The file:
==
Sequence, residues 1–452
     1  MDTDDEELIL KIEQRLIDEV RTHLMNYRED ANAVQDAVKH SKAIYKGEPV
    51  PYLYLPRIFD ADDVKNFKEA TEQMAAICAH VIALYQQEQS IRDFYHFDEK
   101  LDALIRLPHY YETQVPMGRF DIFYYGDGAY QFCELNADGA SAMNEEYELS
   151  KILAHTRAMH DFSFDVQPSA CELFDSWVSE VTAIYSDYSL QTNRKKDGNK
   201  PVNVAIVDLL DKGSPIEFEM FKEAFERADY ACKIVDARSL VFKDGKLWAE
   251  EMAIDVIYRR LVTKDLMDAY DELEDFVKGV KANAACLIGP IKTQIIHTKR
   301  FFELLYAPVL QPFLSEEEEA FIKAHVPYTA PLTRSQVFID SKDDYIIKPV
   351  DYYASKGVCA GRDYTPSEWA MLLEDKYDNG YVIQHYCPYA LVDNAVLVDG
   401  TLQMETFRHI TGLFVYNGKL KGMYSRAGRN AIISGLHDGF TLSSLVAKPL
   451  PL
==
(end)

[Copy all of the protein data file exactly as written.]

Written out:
Sequence, residues 1–452
     1  MDTDDEELIL KIEQRLIDEV RTHLMNYRED ANAVQDAVKH SKAIYKGEPV
    51  PYLYLPRIFD ADDVKNFKEA TEQMAAICAH VIALYQQEQS IRDFYHFDEK
   101  LDALIRLPHY YETQVPMGRF DIFYYGDGAY QFCELNADGA SAMNEEYELS
   151  KILAHTRAMH DFSFDVQPSA CELFDSWVSE VTAIYSDYSL QTNRKKDGNK
   201  PVNVAIVDLL DKGSPIEFEM FKEAFERADY ACKIVDARSL VFKDGKLWAE
   251  EMAIDVIYRR LVTKDLMDAY DELEDFVKGV KANAACLIGP IKTQIIHTKR
   301  FFELLYAPVL QPFLSEEEEA FIKAHVPYTA PLTRSQVFID SKDDYIIKPV
   351  DYYASKGVCA GRDYTPSEWA MLLEDKYDNG YVIQHYCPYA LVDNAVLVDG
   401  TLQMETFRHI TGLFVYNGKL KGMYSRAGRN AIISGLHDGF TLSSLVAKPL
   451  PL